Death sen­tences

Daniel Kalder spent al­most a decade read­ing the books writ­ten by his­tory’s worst tyrants so that you wouldn’t have to. Here he se­lects five of his ‘favourite’ ex­am­ples of dic­ta­tor lit­er­a­ture (di­clit?)

Esquire (UK) - - CULTURE -

1. COLONEL GADDAFI

“Free­dom of ex­pres­sion is the right of ev­ery nat­u­ral per­son, even if a per­son chooses to be­have ir­ra­tionally to ex­press his or her in­san­ity.”

Many dic­ta­tors pro­claimed their sup­port for free­dom of ex­pres­sion. Of course, they were only in­ter­ested in their own free­dom; any­one who de­vi­ated from the norms they es­tab­lished would be pun­ished. Gaddafi’s ar­tic­u­la­tion of the prin­ci­ple, from his in­fa­mous The Green Book, is mas­ter­ful — es­pe­cially when read as a state­ment of per­sonal in­tent.

2. MAO ZE­DONG

“It [ma­te­ri­al­ist dia­lec­tics] holds that ex­ter­nal causes are the con­di­tion of change and in­ter­nal causes are the ba­sis of change, and that ex­ter­nal causes be­come op­er­a­tive through in­ter­nal causes. In a suit­able tem­per­a­ture an egg changes into a chicken, but no tem­per­a­ture can change a stone into a chicken, be­cause each has a dif­fer­ent ba­sis.”

This gob­bledy­gook comes from Chair­man Mao’s “phi­los­o­phy” On Con­tra­dic­tion. It was reprinted in Quo­ta­tions from Chair­man Mao Tse-tung, the most widely cir­cu­lated book in his­tory af­ter the Bi­ble. The ma­nia sur­round­ing Mao’s quo­ta­tions was such that Chi­nese news­pa­pers at­trib­uted mir­a­cles to them. I read On Con­tra­dic­tion while suf­fer­ing from a fever. It made me feel worse.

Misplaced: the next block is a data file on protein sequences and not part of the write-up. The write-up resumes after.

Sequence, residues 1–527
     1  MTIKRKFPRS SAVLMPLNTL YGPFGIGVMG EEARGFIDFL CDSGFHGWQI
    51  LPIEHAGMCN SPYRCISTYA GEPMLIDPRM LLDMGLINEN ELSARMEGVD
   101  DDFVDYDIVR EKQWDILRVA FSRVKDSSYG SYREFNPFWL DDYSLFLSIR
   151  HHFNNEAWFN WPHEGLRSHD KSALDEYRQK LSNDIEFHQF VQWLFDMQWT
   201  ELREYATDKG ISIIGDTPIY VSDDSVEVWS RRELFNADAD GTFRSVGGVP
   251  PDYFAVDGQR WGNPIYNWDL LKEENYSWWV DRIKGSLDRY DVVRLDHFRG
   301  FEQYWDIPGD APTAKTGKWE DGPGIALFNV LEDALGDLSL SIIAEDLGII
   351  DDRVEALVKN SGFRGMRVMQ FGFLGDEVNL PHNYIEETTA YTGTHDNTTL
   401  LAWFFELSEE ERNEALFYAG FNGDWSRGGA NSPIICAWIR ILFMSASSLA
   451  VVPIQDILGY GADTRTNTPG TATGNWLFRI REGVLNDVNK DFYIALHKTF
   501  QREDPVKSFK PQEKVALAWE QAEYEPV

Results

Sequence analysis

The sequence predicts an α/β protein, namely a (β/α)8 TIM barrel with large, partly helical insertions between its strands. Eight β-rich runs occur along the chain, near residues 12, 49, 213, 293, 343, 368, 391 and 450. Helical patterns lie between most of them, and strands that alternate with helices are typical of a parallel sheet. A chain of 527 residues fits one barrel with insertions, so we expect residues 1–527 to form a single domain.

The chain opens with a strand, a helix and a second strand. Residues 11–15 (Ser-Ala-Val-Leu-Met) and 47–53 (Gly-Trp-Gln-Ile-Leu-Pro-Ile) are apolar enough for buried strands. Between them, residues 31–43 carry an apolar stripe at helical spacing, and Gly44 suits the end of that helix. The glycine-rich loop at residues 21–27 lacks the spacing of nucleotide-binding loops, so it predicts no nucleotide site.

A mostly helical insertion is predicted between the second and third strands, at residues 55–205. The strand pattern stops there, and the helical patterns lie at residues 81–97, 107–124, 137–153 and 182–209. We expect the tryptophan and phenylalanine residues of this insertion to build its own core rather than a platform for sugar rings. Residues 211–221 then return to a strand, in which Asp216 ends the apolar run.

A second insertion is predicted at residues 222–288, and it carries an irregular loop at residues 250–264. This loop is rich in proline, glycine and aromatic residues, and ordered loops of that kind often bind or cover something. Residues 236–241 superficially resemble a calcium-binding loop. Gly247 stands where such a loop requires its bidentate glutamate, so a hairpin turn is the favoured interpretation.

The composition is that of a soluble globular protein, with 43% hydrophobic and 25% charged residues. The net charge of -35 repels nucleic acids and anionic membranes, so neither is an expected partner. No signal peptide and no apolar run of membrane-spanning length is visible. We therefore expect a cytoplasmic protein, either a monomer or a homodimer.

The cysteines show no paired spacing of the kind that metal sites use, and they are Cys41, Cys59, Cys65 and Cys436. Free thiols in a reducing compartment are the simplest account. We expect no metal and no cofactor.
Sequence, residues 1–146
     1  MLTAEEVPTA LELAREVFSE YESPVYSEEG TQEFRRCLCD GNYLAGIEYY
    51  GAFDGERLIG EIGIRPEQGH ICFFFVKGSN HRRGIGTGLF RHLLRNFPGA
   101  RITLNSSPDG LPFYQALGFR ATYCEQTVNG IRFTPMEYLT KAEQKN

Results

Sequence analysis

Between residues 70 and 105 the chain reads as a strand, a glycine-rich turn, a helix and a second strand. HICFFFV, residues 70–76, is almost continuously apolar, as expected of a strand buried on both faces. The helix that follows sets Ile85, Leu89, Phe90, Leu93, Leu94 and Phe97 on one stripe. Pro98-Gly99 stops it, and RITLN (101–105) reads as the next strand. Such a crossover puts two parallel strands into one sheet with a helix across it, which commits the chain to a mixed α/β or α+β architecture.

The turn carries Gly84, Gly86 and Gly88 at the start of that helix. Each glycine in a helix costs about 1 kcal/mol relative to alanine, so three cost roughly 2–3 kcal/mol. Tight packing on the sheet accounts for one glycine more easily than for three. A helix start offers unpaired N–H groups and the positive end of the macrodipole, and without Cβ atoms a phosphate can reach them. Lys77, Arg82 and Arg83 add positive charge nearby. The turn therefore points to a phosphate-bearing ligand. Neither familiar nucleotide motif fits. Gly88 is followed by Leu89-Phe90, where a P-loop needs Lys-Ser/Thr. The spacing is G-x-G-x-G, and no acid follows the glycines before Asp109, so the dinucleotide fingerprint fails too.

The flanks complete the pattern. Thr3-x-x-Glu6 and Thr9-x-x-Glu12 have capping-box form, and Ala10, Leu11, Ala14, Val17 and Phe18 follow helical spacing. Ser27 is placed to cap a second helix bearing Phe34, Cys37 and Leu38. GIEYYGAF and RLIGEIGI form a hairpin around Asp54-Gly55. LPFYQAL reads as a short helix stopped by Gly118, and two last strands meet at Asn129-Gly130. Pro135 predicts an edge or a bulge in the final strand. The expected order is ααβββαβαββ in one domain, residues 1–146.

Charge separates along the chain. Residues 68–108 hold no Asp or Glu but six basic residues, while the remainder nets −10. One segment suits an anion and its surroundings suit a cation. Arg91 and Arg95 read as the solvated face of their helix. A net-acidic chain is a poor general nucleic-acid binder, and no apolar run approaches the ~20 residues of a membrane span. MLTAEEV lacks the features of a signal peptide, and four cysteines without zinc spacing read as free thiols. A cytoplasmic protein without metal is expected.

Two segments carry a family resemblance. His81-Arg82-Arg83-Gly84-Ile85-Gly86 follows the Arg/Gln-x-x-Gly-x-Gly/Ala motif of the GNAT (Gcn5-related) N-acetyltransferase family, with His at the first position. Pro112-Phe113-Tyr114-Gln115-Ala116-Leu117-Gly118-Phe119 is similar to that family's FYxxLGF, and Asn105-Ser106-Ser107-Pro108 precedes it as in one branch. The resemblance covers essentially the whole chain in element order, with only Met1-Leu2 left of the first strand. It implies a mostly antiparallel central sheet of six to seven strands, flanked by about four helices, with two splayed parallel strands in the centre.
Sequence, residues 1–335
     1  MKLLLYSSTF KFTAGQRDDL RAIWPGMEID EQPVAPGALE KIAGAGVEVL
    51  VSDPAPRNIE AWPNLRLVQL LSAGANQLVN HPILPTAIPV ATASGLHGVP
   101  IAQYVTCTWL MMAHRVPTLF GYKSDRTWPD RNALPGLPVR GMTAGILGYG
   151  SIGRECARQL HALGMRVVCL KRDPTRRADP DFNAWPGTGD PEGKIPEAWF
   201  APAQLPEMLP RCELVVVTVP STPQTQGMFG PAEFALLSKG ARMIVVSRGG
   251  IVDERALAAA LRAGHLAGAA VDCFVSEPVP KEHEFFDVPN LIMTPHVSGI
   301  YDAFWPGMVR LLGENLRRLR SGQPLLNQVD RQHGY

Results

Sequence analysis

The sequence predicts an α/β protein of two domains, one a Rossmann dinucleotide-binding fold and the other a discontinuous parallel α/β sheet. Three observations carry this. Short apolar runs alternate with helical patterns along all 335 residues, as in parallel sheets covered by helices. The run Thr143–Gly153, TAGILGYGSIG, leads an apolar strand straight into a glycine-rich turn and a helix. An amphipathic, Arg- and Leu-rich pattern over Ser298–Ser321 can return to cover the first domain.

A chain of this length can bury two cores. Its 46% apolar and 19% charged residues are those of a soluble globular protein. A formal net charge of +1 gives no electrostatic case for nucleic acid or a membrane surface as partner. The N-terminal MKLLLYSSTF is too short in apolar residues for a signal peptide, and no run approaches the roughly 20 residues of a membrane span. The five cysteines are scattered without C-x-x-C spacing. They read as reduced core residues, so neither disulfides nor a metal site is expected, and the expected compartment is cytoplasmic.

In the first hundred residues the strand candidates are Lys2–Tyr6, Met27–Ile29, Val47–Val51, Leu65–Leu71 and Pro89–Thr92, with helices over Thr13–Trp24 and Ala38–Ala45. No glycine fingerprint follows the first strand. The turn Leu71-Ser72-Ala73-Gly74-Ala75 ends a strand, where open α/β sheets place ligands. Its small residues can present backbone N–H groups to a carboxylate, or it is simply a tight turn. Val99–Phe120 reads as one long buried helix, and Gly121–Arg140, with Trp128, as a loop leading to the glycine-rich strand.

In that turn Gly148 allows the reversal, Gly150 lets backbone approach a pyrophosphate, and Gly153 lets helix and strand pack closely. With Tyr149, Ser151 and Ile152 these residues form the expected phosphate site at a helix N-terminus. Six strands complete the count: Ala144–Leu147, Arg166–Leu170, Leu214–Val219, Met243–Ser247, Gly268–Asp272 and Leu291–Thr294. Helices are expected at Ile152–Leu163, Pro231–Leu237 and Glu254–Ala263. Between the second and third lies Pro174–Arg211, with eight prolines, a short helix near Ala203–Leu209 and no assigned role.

3. SAD­DAM HUSSEIN

“Even an an­i­mal re­spects a man’s de­sire, if it wants to cop­u­late with him.”

Zabiba and the King is a “ro­mance” by the Iraqi dic­ta­tor which blends po­lit­i­cal metaphor and dis­courses on lead­er­ship with

rape and a soupçon of bes­tial­ity. Ac­cord­ing to Sad­dam, man-bear sex is a thing in north­ern Iraq. For­tu­nately, lady bears un­der­stand that the path to a man’s heart is through his stom­ach and they steal “cheese, nuts” and “even raisins” for their hu­man part­ners, ap­par­ently to make the im­pend­ing bout of in­ter­species sex more palat­able.

4. ADOLF HITLER

“It is truly mis­er­able to be­hold how our youth even now is sub­jected to a fash­ion mad­ness which helps to re­v­erse the sense of the old say­ing: ‘Clothes make the man’ into some­thing truly catas­trophic.”

In ad­di­tion to be­ing a geno­ci­dal mega­lo­ma­niac, Hitler was a style guru.

In Mein Kampf he strongly de­nounces “stovepipe trousers” and ex­ces­sively mod­est clothes. The rules of Nazi Eye for the Straight Guy (and gal) are: Aryan youth ought to wear re­veal­ing gar­ments so that Ger­many might be­come one gi­ant meat mar­ket where beau­ti­ful bod­ies grav­i­tate to one another, thus im­prov­ing the na­tional stock.

5. JOSEPH STALIN

“Amer­i­can ef­fi­ciency is that in­domitable force which nei­ther knows nor recog­nises ob­sta­cles; which with its busi­nesslike per­se­ver­ance brushes aside all ob­sta­cles; which con­tin­ues at a task once started un­til it is fin­ished, even if it is a mi­nor task; and with­out which se­ri­ous con­struc­tive work is in­con­ceiv­able.”

Al­though Stalin was ded­i­cated to the down­fall of cap­i­tal­ism, he also saw some good in the United States — as this ex­cerpt from his The Foun­da­tions

of Lenin­ism shows. Henry Ford even built a Ford fac­tory in Rus­sia in the

Thir­ties. Stalin’s hope was that by im­port­ing “Amer­i­can ef­fi­ciency”, the USSR would cut down on “fan­tas­tic scheme con­coct­ing”. It didn’t work, and fan­tas­tic schemes led to eco­log­i­cal catas­tro­phe, mass mur­der and im­mea­sur­able hu­man suf­fer­ing.

— Dic­ta­tor Lit­er­a­ture: a His­tory of Despots Through Their Writ­ing (One World) is pub­lished on 5 April

Back in the USSR: Soviet leader Joseph Stalin in his Krem­lin of­fice, Moscow, circa 1939

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